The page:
ACOUPLE OF months ago I had a health check. It went pretty well. All my organs were still intact and my weight was more or less what it should be.
The doctor did add, in a conversational kind of way, that I was getting to the age where I was probably finding it a bit tougher to keep my weight down.
“Actually,” I replied, “I haven’t really noticed any problems at all. My weight never seems to go up that much.”
Clearly, the weight-loss gods were listening and took objection to my hubris, because two weeks later I had put on two kilos, and a couple of weeks after that, a few more.
Why the sudden weight gain? Well, when a medical authority tells you that you might struggle to maintain your weight, there is a tendency to panic and suddenly get fat. There was also the fact that I was experimenting with Ashkenazi food during this period for a feature I was writing and had developed a problematic salt-beef sandwich habit.
Clearly I needed go cold turkey, or at least cold turkey sandwich, because my reading told me that if I left my body to its own devices I could be in trouble.
After the age of 40, two things happen — you become progressively less active, which means that calories which were formerly burnt off are now being converted into adipose tissue — ie lard.
Not just that — the muscles shrink and your bones lose density while the fatty bits get more lumpy. So you can step on the scales and be exactly the same weight as you were 10 years previously, but actually be carrying a paunch.
If I was a woman, I would know exactly what to do — invest in Ryvita and low-fat cream cheese, while cutting back on the chocolate and white wine.
But I’m not a woman — despite my lumpy bits — and anyway, according to a book I am reading at the moment, dieting makes you fat.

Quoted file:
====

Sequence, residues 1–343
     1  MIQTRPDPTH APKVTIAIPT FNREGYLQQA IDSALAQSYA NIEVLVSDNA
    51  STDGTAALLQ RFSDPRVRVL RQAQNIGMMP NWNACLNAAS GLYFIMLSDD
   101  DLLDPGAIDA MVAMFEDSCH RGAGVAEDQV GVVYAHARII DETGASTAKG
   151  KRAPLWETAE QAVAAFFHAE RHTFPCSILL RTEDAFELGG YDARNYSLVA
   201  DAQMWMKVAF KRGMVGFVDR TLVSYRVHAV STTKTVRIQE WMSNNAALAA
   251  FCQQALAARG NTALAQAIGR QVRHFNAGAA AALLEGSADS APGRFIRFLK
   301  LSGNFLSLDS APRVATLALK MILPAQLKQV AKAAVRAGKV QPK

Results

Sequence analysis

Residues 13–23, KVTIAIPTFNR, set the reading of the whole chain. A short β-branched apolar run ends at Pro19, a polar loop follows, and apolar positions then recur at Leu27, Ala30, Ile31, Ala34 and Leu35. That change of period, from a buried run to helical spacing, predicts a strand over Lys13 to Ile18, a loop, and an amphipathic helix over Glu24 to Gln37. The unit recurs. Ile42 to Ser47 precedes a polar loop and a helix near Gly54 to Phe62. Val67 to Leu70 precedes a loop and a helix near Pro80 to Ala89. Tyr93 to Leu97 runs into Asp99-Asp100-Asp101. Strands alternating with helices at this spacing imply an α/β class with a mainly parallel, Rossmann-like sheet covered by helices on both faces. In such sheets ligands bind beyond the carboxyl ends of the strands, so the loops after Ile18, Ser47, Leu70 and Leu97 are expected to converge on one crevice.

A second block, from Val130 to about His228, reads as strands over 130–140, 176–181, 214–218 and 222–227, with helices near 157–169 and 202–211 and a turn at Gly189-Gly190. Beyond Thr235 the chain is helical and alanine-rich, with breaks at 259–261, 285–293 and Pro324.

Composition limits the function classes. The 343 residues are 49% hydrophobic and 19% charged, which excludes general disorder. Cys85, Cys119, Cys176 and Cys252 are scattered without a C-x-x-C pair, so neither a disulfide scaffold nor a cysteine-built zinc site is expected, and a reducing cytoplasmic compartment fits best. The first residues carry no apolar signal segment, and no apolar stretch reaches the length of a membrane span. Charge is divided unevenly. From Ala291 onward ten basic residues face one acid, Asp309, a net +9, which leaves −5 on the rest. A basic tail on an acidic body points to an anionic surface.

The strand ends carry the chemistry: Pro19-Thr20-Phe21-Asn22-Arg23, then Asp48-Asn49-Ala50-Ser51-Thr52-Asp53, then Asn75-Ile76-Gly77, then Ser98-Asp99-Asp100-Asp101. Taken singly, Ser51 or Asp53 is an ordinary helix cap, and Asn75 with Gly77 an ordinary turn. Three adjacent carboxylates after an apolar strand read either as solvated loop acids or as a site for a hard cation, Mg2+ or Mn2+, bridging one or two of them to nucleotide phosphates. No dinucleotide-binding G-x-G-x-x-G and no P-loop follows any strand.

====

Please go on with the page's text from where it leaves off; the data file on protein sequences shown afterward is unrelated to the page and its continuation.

I am having to face the fact that I am older than I used to be. Not just that — I’m going to get a lot older still. Not a great prospect, but a lot better than the alternative.
So is there anything to be done to turn back the clock? I have explored methods of weight reduction that don’t make you appear effeminate. Of these, I like the sound of the caveman diet. This means eating only what they ate in the Stone Age — the kind of protein you can trap yourself (hopefully there will be a shochet on hand to dispatch it), plus berries and roots. Apparently everyone was and healthy back then, although to be fair, few of them lived past 27.
Seeing as I can’t find any record of Stone Age sushi, I am going to pass. But I could go low-carb. There is proven weight loss in this method and no obvious downsides as long as you don’t worry too much about kidney stones and cancer.
However, my preferred route is to follow the example of a South American tribe I have been reading about. Even when they get really old — over 45 — they are still amazingly healthy, mainly because they run everywhere and exist on a simple diet based on cornmeal.
I can follow that without any trouble. Cornmeal is in essence the same as polenta — I’m thinking slapup Italian meal, washed down with a bottle of red, followed by a brisk walk home.
Watch out for the diet book.